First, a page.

Malware can hijack your browser settings, slow your entire system, and delete the vast collection of Justin Bieber ringtones that took you months to collect.
All of the above are tragedies in their own right, but they pale in comparison to bringing down a flight full of people. According to USA Today, a malware infection spread via a USB thumb drive may have been a contributing factor in one of Spain's deadliest plane crashes. Investigators believe the crash of Spanair flight JK5022, which claimed the lives of 154 people on August 20, 2008, might have been avoided had malware not prevented some key safety issues from being flagged before takeoff.
It's important to note that no one is saying the malware infection actually caused the functional problems that ultimately downed flight JK5022. Nonetheless, such horrific events are a sobering reminder that malware can have more dire consequences than forcing a format and fresh Windows install.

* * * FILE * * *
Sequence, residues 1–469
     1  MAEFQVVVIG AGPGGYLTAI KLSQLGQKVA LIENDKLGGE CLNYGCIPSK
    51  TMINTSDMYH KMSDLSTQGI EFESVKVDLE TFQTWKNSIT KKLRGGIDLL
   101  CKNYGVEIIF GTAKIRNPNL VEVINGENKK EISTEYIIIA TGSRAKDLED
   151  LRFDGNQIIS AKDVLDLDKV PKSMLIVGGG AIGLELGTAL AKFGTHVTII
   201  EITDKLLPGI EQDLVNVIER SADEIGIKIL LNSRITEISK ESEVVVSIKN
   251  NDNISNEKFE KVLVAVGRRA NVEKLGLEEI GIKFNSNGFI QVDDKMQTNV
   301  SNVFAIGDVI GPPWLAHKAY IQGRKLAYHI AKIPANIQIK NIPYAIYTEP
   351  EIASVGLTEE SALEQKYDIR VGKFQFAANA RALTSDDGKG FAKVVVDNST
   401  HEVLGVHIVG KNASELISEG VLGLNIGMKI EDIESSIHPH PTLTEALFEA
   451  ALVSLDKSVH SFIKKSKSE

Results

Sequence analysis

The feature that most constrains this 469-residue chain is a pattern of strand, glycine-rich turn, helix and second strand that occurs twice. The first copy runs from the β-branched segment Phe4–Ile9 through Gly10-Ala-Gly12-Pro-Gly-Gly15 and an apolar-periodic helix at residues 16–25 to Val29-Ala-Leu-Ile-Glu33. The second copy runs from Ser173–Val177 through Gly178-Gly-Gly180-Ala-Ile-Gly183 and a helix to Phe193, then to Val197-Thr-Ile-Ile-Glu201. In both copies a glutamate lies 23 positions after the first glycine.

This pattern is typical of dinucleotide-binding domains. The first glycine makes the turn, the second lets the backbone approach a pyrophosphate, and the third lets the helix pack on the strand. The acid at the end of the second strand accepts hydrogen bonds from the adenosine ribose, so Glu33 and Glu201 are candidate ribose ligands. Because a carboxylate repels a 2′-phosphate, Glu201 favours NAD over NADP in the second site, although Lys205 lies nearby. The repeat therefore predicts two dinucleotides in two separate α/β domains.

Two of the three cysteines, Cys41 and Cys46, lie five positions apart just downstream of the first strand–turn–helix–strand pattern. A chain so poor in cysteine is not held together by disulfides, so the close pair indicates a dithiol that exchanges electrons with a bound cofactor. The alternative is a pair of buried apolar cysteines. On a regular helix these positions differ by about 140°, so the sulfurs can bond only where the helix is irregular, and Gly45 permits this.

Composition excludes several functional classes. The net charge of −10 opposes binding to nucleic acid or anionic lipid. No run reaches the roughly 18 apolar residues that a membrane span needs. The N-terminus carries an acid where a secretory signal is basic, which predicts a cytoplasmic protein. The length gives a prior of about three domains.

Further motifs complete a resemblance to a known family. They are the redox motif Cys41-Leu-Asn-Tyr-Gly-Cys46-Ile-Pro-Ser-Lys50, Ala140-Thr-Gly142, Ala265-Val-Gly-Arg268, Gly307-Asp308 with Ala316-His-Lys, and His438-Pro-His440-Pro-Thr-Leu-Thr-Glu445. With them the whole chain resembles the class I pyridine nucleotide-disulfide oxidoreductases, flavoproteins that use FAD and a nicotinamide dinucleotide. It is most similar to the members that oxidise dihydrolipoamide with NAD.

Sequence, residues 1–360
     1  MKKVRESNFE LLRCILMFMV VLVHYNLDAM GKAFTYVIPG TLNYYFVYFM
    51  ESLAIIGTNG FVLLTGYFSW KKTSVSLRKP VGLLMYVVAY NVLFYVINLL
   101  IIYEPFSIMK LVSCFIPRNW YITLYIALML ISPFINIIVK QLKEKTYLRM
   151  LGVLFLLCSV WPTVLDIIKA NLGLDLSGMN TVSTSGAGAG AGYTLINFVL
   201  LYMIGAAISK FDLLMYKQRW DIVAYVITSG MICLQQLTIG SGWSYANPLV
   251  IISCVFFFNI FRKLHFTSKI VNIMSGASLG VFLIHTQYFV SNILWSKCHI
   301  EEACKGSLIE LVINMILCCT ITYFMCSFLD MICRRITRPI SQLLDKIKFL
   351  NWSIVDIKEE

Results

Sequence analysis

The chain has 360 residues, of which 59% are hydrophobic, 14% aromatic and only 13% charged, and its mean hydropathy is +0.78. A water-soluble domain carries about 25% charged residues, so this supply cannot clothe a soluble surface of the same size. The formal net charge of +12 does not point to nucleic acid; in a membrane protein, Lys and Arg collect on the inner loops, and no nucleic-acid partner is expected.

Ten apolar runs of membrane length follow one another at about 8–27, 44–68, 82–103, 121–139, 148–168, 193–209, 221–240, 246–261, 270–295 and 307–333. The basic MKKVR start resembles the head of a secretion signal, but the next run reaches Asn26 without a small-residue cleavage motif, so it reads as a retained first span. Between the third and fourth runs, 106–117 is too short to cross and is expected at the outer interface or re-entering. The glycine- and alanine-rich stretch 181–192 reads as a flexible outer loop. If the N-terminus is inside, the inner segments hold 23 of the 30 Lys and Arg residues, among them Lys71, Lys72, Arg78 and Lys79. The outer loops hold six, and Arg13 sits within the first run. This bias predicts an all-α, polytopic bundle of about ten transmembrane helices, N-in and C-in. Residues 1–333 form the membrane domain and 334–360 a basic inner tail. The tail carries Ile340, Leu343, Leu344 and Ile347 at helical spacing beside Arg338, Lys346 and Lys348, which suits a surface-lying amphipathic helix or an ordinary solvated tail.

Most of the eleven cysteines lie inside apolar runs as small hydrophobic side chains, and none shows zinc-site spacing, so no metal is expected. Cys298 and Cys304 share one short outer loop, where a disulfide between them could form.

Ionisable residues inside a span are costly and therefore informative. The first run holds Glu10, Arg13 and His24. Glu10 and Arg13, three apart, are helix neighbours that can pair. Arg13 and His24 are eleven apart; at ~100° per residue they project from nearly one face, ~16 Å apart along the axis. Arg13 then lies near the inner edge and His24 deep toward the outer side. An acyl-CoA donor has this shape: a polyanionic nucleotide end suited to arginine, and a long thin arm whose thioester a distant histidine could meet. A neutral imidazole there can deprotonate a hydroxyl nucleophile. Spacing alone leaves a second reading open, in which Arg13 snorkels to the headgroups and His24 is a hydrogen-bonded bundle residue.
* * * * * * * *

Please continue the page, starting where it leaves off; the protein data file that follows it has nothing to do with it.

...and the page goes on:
|1. BIF - $340||2. chasp_0 - $251||3. mbutrovich - $250|
|4. Ryu Connor - $250||5. YetAnotherGeek2 - $200||6. aeassa - $175|
|7. dashbarron - $150||8. Captain Ned - $100||9. Anonymous Gerbil - $100|
|10. Bill Door - $100|
|ASRock H110M-STX mobo puts the 5x5 platform in builders' hands||13|
|Microsoft's free Windows 10 upgrade offer ends tomorrow||37|
|Asus' slim ROG G20CB desktop gets in on the Pascal party||6|
|Apple sells its billionth iPhone||31|
|TT Premium Edition RGB LED radiator fans play better together||7|
|Toshiba's latest BiCS flash is stacked 64 layers high||11|
|Xiaomi breaks into ultrabooks with Mi Notebook series||6|
|Redmi Pro phone offers a metal body and dual cameras on a budget||29|
|iPad sales stabilize in Apple's fiscal 2016 third quarter||45|
|Now you can install Crysis directly on the video card!||+62|